But the point is that Ms Corderoy’s premise is that patients have the right to know about the warnings so they can make informed choices. I completely agree. I’m just concerned that her article didn’t help them to do that.

    Lynnette Hoffman http://lynnettehoffman.squrespace.com

    In summary, no one is saying that patients should not be told about possible side effects of the drugs that they are taking. The criticism with the SMH story is it did not do that in a way that would add to a patient’s understanding of the risks.

    Reply
  3. 3

    Duggy the DC3

    Thanks Croakey for providing this information – I have been hammered by anxious patients wanting to stop medication this morning. Most have serious health Issues and the Risks of cessation ar significant.

    Reply
  4. 4

    Oznana

    I note the comments above. My comment is that after 6 nightmarish years of taking one of these drugs, I now have some ongoing health problems, including severe muscle weakness, cognitive impairment etc. I suffered extreme pain for much of that time, which gradually got worse and worse, and spread further up my body. It was beginning to affect my chest and my breathing. Wonder of wonders, most of tmy symptoms stopped almost the instant I stopped taking the drug, which occurred accidentally really. I have some residual problems, and I gather this is common. I am one of the lucky ones, compared to some stories I’ve heard.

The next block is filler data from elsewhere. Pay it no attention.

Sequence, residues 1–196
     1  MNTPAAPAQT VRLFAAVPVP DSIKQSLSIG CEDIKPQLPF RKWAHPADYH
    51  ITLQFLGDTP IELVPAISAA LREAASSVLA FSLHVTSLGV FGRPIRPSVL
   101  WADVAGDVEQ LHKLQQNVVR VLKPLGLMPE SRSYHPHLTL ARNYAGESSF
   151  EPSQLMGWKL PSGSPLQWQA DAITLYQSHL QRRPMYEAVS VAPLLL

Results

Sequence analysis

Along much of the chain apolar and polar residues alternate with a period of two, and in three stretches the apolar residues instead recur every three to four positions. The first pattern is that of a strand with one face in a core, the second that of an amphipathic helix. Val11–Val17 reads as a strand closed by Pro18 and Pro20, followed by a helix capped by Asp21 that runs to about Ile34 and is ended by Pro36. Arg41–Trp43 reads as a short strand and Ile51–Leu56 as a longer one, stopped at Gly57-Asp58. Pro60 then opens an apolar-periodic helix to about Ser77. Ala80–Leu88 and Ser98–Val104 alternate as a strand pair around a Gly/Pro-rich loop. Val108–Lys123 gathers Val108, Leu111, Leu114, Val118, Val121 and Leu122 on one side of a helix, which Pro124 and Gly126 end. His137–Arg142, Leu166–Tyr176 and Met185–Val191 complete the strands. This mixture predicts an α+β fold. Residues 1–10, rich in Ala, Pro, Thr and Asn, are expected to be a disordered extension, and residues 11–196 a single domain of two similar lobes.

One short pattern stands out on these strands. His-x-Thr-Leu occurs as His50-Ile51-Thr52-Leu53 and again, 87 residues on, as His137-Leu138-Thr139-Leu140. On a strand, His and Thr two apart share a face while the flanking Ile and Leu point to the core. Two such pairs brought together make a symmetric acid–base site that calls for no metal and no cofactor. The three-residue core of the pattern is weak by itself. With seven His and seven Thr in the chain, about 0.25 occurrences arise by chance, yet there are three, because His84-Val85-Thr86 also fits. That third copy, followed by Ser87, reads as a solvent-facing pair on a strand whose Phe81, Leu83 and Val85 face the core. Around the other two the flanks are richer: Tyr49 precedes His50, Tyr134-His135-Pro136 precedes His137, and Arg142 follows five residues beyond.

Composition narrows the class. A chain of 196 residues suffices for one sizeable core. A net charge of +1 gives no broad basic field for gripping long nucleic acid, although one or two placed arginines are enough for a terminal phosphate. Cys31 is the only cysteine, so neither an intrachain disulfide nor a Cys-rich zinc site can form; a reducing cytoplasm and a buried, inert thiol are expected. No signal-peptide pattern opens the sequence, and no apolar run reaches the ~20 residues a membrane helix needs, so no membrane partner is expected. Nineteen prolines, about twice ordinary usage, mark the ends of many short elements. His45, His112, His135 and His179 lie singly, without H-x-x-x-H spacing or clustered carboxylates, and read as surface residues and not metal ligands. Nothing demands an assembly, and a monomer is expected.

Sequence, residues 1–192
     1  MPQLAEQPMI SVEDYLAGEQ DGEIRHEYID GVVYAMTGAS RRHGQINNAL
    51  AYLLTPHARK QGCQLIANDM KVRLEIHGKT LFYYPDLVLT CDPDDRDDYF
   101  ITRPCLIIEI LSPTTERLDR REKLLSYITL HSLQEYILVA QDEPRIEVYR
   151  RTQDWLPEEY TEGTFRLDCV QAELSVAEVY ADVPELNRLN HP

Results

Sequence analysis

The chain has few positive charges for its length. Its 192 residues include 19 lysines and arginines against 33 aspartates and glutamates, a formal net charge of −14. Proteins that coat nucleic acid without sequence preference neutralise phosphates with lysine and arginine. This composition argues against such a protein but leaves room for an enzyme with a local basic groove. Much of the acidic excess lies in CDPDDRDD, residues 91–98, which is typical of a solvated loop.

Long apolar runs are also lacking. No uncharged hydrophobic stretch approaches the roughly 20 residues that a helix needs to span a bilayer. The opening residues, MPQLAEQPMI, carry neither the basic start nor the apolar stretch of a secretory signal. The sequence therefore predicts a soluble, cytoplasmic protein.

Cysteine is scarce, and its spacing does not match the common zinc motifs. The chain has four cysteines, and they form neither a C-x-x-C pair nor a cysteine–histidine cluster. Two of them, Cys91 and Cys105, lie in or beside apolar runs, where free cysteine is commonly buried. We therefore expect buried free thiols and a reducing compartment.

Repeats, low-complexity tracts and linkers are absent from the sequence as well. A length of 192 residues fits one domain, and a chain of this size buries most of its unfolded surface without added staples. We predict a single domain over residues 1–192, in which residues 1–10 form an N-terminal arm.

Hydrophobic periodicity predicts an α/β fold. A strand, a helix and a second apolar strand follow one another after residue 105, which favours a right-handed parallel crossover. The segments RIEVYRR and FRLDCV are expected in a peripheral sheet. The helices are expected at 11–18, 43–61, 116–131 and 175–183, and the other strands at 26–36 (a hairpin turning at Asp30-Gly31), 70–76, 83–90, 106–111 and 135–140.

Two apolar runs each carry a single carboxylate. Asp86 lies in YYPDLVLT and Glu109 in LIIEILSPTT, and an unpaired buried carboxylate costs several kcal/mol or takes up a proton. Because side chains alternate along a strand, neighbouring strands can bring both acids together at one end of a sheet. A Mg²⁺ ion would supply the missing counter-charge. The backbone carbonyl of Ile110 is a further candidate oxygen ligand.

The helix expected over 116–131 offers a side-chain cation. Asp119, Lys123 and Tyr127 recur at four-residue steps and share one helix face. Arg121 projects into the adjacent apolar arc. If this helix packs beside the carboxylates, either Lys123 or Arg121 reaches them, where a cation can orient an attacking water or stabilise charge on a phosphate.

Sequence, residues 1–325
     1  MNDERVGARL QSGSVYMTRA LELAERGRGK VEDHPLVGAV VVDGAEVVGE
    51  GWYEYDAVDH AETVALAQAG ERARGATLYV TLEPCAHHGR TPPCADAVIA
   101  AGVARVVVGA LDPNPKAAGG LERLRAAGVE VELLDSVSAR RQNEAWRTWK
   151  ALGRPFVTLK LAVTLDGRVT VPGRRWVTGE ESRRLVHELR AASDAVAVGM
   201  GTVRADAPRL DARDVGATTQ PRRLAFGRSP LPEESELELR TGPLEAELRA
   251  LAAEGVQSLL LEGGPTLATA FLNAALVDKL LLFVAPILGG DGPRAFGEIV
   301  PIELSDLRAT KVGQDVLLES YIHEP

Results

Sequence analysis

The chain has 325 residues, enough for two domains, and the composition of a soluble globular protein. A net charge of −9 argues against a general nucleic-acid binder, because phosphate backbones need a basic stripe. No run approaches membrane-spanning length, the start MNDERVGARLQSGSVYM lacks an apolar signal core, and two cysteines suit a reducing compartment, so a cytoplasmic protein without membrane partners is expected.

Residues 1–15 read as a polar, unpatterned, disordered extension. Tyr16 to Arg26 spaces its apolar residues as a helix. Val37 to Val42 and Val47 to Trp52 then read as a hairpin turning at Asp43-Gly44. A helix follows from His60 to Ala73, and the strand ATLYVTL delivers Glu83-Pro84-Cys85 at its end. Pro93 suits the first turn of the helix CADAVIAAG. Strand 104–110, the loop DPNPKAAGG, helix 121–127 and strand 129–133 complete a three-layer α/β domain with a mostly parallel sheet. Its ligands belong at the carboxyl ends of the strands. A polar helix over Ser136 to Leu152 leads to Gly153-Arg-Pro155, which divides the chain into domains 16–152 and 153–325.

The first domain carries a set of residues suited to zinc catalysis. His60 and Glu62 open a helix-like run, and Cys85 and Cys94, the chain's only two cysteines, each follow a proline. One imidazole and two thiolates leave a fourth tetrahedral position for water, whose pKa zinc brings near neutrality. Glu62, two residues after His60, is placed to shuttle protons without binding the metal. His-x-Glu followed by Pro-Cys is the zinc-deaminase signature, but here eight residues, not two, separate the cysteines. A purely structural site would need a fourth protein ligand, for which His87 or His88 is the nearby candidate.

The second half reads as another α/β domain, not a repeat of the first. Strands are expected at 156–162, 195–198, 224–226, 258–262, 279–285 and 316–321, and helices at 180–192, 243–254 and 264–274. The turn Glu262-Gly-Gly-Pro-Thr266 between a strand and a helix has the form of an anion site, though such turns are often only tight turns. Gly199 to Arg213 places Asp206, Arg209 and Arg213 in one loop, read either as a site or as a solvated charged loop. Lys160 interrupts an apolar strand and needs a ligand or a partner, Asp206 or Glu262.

My complaints were ignored by my GP, and I gather from speaking to other people that this is common. I repeatedly asked if my symptoms could be related to the drug, and was told it was most unlikely. I had not heard about any of this controversy during the whole time I was taking this drug, and didn’t know that other people were having these problems until much later, long after I stopped taking it.

    I had a healthy diet to start with, and still do. No one in my family has suffered from heart disease, and I have never had any signs of diabetes. I see a dietician on a regular basis.

    The problem is not the drug or even the side effects. The problem is that most GPs aren’t prepared to countenance the idea that the patient in front of them could be that one patient who does suffer side effects, and that it may seriously compromise their health. It seems that pharmacists are aware that some people have these reactions / side effects; anaesthetists seem to understand it too. But the GPs I’ve spoken too all dismiss these problems out of hand.

    The medical community has to understand that an awful lot of patients have suffered, and continue to do so because they are in pain, and many are feeling ignored by their treating doctors. In many cases they are treated as malingerers, or are sent for intrusive tests that turn out to be irrelevant to the problem. There are people who now can’t walk, have lost their careers, and have aged beyond their years. I understand it’s difficult because a lot of these side effects mimic the ‘normal’ signs of ageing. But it’s very odd that these signs and symptoms can disappear very quickly when the drugs are stopped.

    Reply